• 1.75 Florida Board of Pharmacy
Course opens: 
02/01/2022
Course expires: 
01/31/2023

Daniel Castellanos, M.D.
Assistant Dean, Graduate Medical Education; Founding Chair and Professor, Department of Psychiatry & Behavioral Health; Secondary Appointment as Professor, Department of Pediatrics
Florida International University Herbert Wertheim College of Medicine
Miami, Florida

Luis Carcache, M.D.
Assistant Professor, Child and Adolescent Psychiatry
Florida International University Herbert Wertheim College of Medicine
Miami, Florida

Daniel Castellanos, M.D. and Luis Carcache, M.D., faculty for this educational activity, have no relevant financial relationships with ineligible companies* to disclose and have indicated that the presentations or discussions will not include off-label or unapproved product usage. 

Pamela Feliciano, Ph.D.
Scientific Director, SPARKforAutism.org
Senior Scientist, Simons Foundation Autism Research Initiative
New York, New York 

Michael Alessandri, Ph.D.
Executive Director of the University of Miami-Nova Southeastern University Center for Autism and Related Disabilities (UM-NSU CARD)
Clinical Professor of Psychology and Pediatrics 
Assistant Chairman, Department of Psychology for Community Outreach and Engagement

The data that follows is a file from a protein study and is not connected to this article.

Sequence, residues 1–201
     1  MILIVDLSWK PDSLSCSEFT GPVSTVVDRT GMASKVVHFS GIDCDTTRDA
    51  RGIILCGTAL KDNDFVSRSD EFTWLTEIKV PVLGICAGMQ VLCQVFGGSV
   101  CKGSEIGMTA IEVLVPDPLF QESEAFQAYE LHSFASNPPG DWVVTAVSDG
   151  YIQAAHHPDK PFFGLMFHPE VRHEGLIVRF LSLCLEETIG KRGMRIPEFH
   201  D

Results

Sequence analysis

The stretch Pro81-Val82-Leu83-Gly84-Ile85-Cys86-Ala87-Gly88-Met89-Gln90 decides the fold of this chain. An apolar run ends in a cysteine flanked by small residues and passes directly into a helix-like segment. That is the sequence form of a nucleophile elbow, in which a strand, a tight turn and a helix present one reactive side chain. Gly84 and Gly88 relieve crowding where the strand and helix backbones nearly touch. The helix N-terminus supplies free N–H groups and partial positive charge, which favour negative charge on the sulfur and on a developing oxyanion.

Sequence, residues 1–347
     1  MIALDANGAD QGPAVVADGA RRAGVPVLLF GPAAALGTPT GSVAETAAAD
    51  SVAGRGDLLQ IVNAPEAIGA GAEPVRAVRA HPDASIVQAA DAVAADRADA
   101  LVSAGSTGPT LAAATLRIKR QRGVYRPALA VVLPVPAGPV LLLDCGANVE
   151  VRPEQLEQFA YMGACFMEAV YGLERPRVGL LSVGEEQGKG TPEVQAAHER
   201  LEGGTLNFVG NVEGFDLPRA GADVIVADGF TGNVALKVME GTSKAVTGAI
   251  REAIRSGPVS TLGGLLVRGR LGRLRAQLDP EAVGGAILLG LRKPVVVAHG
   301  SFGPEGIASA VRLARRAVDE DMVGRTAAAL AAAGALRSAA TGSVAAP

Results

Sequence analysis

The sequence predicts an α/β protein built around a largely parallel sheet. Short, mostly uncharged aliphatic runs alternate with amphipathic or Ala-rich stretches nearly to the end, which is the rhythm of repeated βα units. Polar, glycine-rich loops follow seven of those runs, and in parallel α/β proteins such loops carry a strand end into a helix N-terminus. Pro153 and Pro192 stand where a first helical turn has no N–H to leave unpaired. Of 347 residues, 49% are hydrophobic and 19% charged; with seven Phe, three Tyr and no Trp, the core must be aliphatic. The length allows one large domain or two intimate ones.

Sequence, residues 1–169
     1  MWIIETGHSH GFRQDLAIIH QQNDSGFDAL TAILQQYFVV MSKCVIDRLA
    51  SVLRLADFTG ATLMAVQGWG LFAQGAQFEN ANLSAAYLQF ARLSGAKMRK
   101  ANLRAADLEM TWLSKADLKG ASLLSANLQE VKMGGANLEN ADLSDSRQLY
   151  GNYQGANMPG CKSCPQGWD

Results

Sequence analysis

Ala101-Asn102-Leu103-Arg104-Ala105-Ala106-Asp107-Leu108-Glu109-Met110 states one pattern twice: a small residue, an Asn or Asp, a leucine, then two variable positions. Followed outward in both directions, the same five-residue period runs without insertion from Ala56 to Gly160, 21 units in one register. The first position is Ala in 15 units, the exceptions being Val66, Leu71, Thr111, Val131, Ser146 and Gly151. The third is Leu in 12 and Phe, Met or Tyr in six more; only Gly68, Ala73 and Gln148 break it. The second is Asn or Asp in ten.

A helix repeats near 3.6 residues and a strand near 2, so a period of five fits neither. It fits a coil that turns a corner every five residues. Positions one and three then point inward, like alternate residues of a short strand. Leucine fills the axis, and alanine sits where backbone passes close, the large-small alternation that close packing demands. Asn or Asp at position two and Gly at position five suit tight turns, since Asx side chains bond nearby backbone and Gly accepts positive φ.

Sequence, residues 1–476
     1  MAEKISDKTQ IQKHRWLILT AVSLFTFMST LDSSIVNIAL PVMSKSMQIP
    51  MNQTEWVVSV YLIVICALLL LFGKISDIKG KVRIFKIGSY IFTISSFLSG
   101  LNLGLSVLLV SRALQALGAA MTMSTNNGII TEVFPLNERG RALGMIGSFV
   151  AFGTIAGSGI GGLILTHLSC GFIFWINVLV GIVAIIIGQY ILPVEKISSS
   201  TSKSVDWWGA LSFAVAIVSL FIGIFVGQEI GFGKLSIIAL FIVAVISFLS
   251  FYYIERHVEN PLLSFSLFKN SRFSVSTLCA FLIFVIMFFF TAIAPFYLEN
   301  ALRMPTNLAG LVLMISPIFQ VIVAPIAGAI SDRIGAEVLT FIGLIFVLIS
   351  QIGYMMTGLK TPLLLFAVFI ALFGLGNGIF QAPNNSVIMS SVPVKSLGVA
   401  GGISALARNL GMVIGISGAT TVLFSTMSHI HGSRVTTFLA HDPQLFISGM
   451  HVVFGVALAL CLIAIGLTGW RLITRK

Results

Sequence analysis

University of Miami Miller School of Medicine

Pamela Feliciano, Ph.D., faculty for this educational activity, has no relevant financial relationships with ineligible companies* to disclose, and has indicated that the presentation or discussion will not include off-label or unapproved product usage.

Michael Alessandri, Ph.D., conference director and moderator for the SPARKS activity, has no relevant financial relationships with ineligible companies* to disclose, and has indicated that the discussion will not include off-label or unapproved product usage.

Ian Nisonson, M.D., and Nina Sanchez, M.D., conference directors for this educational activity, have no relevant financial relationships with ineligible companies* to disclose. 

Non-faculty contributors and others involved in the planning, development, and editing/review of the content have no relevant financial relationships to disclose with ineligible companies.*

*Ineligible companies - Companies whose primary business is producing, marketing, selling, re-selling, or distributing healthcare products used by or on patients.

Disclosure Policy and Disclaimer

Baptist Health South Florida is accredited by the Accreditation Council for Continuing Medical Education (ACCME) to provide continuing medical education for physicians. 
              
Baptist Health South Florida designates this enduring material for a maximum of 1.75 AMA PRA Category 1 Credits™. Physicians should claim only the credit commensurate with the extent of their participation in the activity.

Available Credit

  • 1.75 AMA PRA Category 1 Credit™
  • 1.75 General certificate of attendance
  • 1.75 Florida Board of Clinical Social Workers, Marriage and Family Therapists and Mental Health Counselors
  • 1.50 Nurse Practitioners
  • 1.50 Florida Board of Nursing
  • 1.50 Florida Board of Occupational Therapy
  • 1.75 Florida Board of Pharmacy